Spotted salamander egg masses

This webpage was a submission to Sigma Xi’s 2016 Student Research Showcase and was the winner of the Ecology and Evolutionary Biology Section

This work is now published in Ecology:

Functionality of the spotted salamander egg mass polymorphism
Amphibian eggs consist of ova surrounded by jelly layers that mediate interactions between the embryo and the surrounding environment. The spotted salamander, Ambystoma maculatum, exhibits a unique polymorphism in the structure and appearance of its egg masses. This polymorphism is genetically determined and is due to the occurrence of a unique protein in the outer jelly layer of the white egg mass morph. Based on the observation that the proportion of white egg masses in ponds across its range correlated with dissolved nutrient levels, I hypothesize that the white morph is adapted to ponds with low nutrient levels. I tested this hypothesis using two mesocosm experiments and by collecting field data from natural ponds at the University of Mississippi Field Station (UMFS). I found that larvae from white egg masses were larger upon hatching in low nutrient conditions than those from clear egg masses and that these differences persisted throughout the larval period. Additionally, higher proportions of white egg masses were found in ponds with low conductivity (an indicator of dissolved nutrient levels) at UMFS. These results support the idea that polymorphisms can be adaptations to, and are maintained by, environmental heterogeneity.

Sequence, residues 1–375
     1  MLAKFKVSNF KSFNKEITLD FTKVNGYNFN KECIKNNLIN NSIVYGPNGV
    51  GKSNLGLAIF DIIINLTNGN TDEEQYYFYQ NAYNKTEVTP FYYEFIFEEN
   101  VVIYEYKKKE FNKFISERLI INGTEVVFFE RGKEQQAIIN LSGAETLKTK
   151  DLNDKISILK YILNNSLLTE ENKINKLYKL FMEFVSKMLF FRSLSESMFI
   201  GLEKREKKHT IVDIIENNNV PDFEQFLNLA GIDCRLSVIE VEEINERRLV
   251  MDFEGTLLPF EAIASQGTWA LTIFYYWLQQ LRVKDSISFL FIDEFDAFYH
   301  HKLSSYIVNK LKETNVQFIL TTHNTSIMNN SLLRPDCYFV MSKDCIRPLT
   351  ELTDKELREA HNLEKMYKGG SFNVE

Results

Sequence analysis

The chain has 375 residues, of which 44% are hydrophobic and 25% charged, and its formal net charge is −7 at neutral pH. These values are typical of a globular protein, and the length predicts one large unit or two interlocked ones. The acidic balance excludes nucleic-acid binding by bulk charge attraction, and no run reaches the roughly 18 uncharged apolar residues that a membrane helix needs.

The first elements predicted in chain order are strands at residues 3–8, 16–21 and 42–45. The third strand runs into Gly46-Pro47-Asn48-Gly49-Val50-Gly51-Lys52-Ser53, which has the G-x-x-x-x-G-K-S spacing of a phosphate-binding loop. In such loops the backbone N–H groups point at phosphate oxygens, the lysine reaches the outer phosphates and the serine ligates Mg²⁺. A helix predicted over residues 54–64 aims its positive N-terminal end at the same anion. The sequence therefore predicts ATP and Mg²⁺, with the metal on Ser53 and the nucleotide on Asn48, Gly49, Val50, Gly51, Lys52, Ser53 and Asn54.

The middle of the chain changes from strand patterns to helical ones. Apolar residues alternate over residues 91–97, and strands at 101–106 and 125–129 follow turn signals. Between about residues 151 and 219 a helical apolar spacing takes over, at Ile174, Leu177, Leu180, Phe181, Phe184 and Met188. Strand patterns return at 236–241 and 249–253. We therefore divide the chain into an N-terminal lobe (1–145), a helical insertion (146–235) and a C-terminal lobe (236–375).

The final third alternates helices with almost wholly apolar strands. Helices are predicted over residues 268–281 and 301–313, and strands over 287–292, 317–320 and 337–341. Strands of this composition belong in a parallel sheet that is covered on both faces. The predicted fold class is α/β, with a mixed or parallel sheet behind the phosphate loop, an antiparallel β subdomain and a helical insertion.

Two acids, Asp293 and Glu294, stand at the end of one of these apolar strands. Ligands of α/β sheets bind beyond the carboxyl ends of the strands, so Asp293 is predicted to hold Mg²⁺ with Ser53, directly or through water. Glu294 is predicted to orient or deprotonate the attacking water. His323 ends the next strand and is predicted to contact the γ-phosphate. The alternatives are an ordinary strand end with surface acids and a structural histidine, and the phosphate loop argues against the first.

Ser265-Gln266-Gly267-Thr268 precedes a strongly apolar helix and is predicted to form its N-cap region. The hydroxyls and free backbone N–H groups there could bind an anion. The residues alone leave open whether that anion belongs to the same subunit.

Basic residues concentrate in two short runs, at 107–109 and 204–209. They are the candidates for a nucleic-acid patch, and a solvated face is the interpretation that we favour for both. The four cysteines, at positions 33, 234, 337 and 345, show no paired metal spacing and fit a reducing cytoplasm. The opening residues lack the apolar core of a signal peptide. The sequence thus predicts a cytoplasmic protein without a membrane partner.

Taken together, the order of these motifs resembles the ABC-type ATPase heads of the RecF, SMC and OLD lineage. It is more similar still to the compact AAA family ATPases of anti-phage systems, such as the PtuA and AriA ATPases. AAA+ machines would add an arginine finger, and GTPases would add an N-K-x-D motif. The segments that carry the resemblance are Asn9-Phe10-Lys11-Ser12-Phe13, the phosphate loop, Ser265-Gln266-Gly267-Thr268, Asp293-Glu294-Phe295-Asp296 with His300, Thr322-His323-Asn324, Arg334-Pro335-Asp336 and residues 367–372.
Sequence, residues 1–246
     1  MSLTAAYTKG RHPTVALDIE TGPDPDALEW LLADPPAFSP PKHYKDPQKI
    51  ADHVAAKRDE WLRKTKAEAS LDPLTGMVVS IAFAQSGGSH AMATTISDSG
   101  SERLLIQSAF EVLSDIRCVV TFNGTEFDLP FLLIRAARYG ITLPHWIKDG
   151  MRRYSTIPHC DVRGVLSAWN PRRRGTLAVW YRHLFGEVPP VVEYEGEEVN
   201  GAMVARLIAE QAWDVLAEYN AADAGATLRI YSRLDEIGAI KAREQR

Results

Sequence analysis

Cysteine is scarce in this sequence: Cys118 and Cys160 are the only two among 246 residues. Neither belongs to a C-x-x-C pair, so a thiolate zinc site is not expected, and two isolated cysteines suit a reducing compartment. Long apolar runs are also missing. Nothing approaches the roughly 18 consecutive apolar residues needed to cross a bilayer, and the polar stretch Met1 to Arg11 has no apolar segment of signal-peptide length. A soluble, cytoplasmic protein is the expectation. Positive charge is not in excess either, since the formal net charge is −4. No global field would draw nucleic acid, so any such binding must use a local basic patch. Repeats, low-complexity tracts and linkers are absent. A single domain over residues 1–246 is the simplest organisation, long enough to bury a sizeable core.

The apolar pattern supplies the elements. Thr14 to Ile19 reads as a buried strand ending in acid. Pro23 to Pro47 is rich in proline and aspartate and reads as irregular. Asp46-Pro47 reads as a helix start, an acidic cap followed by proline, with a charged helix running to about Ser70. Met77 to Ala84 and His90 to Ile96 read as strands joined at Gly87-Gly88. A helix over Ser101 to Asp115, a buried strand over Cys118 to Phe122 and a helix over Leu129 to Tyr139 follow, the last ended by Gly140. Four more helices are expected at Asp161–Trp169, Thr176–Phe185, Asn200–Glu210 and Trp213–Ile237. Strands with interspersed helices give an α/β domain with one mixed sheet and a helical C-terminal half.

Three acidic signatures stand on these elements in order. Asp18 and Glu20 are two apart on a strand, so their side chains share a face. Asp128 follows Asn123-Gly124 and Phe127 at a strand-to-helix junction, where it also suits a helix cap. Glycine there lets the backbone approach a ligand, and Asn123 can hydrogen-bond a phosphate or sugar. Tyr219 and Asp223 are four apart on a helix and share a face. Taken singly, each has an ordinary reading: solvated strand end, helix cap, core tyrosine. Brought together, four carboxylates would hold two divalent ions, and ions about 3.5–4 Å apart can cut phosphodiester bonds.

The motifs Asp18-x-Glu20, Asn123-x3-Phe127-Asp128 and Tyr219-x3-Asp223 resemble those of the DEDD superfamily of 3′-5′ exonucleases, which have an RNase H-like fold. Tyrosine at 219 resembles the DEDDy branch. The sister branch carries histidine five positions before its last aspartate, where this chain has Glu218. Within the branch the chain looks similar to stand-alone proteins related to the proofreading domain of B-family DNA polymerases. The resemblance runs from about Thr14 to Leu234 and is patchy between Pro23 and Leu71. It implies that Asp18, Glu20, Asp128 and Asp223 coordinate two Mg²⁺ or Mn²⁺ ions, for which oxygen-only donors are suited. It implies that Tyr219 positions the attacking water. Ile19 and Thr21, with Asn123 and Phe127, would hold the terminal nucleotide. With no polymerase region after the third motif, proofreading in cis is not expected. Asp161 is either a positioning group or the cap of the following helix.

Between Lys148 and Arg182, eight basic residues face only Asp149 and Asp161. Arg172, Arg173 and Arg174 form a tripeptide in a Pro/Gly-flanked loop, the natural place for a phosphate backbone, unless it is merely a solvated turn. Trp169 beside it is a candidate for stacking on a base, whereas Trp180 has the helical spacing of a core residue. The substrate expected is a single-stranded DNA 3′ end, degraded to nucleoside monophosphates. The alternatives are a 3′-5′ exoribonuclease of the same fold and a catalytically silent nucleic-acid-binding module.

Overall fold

I also have a poster about this work and the above slides originally created for this submission archived on Figshare: